Making childbirth safer in Indonesia

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Indonesian Community Health Center providing maternal and neonatal care (image p
Indonesian Community Health Center providing maternal and neonatal care (image predates pandemic) Photo: Masyitah Saifuddin
Study led by Göttingen and Syiah Kuala Universities finds Safe Childbirth Checklist contributes to improved maternal and neonatal healthcare Every year, 295,000 maternal deaths, 2 million stillbirths, and 2.5 million neonatal deaths occur worldwide. Improved quality of care could prevent the majority of those deaths. For this reason, the World Health Organization (WHO) introduced a Safe Childbirth Checklist (SCC), targeting ways to improve the quality of care. An international research team from Göttingen University, Syiah Kuala University, Indonesia, and Heidelberg University adapted the intervention to meet local needs, collected data and analysed the Checklist’s effects on quality of care and mortality in 32 health facilities in Indonesia. Their results were published in JAMA Network Open.

The researchers found that using the Safe Childbirth Checklist (SCC) increased the communication of danger signs, improved the way that babies were fed, and increased the number of times temperature was measured in neonates. In particular, midwives carried out adequate measurement of temperature in less than half of the births in health facilities without the Checklist. Most noticeably, the results suggest that in facilities where staff use the SCC more frequently, stillbirth rates decreased.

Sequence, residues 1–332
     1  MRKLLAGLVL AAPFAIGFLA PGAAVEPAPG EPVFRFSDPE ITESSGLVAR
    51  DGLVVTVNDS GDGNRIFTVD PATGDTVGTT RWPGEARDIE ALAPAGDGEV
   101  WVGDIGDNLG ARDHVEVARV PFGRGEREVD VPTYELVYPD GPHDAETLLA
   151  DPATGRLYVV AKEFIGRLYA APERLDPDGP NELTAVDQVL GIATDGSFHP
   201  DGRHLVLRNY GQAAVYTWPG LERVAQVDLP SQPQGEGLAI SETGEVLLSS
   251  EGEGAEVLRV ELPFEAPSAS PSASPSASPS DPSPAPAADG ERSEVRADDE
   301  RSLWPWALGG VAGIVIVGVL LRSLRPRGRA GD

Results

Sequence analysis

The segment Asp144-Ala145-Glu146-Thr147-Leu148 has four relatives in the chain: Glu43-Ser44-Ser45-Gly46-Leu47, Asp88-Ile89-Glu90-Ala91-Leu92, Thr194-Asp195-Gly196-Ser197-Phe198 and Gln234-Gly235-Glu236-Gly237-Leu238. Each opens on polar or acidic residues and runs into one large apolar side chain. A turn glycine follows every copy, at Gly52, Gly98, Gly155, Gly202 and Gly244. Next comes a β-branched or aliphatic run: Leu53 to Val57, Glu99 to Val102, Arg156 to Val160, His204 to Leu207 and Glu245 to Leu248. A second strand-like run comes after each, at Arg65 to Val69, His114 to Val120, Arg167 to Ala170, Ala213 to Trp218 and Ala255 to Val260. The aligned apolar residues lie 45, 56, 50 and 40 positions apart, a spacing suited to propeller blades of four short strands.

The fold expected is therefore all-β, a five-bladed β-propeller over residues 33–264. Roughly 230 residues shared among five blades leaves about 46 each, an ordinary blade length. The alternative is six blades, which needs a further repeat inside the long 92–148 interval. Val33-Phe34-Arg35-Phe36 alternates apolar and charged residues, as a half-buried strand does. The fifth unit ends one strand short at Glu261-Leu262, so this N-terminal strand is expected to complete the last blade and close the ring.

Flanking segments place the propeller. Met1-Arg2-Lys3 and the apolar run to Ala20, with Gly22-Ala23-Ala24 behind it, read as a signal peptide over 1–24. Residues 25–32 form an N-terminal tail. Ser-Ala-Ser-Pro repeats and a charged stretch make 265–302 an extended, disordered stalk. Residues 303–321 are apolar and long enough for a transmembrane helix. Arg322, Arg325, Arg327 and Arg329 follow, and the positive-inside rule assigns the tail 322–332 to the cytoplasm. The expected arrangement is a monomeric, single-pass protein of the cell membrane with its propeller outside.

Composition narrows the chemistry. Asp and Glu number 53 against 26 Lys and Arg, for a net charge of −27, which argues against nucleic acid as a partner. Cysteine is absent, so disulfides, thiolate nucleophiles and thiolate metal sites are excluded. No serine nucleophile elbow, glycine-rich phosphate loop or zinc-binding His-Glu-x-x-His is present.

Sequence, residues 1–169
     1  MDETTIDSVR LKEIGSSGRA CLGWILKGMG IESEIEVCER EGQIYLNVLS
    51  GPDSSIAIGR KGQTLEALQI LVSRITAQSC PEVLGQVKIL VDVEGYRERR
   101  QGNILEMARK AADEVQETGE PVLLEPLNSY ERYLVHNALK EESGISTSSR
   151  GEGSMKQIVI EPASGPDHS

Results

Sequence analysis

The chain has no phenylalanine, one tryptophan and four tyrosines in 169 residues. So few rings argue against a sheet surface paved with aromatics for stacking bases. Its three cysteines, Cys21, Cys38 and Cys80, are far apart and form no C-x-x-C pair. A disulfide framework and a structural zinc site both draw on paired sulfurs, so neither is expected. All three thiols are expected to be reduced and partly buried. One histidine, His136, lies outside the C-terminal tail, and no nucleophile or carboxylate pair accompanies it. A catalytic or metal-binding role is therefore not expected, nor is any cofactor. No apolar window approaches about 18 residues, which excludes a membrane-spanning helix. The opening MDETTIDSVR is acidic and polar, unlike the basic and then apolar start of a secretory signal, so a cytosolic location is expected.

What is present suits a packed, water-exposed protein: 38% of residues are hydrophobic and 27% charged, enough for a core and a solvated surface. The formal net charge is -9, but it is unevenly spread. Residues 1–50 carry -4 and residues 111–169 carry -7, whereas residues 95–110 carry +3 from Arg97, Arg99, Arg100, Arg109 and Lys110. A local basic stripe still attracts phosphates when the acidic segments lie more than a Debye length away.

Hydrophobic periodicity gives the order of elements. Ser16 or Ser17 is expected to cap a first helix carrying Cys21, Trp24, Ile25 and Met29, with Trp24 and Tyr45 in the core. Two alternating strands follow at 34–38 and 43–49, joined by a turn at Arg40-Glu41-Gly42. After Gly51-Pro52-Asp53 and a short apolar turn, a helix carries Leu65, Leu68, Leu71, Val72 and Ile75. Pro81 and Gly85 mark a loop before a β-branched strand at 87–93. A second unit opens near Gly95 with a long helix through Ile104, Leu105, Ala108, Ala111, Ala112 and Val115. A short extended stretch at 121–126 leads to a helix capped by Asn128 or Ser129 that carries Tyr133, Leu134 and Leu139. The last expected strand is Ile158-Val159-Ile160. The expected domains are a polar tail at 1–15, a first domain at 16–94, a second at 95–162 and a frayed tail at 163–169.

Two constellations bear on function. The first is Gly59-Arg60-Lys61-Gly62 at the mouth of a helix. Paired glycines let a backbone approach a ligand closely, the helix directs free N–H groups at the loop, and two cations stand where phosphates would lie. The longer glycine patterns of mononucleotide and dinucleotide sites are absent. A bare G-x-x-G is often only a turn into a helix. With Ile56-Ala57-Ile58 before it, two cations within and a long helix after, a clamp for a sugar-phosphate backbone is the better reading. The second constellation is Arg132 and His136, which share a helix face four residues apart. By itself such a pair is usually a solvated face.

To assess the SCC’s effectiveness, the WHO invited practitioners and academics to evaluate it in different contexts. Thirty-five countries around the globe are now using the tool. The international research team led by the University of Göttingen and Syiah Kuala University joined this worldwide collaboration to examine the effects of the SCC in Indonesia.

Joint first author Farah Diba, Syiah Kuala University, emphasizes: -Using the Safe Childbirth Checklist increases the communication in the ward with the mothers and other healthcare providers, leading to an improvement in the quality of care.- Yet, ensuring long-term adherence to the quality improvement tool remains a challenge. "While results are promising, future research is needed to understand what factors can support midwives in using the Safe Childbirth Checklist and what barriers remain to ensuring a healthy pregnancy and birth," says Dr Lennart Kaplan, postdoctoral researcher at the University of Göttingen and joint first author of the study.

Original publication: Kaplan et al, -Effects of the World Health Organization Safe Childbirth Checklist on Quality of Care and Birth Outcomes in Aceh, Indonesia. A Cluster-Randomized Clinical Trial-, JAMA Network Open, 2021.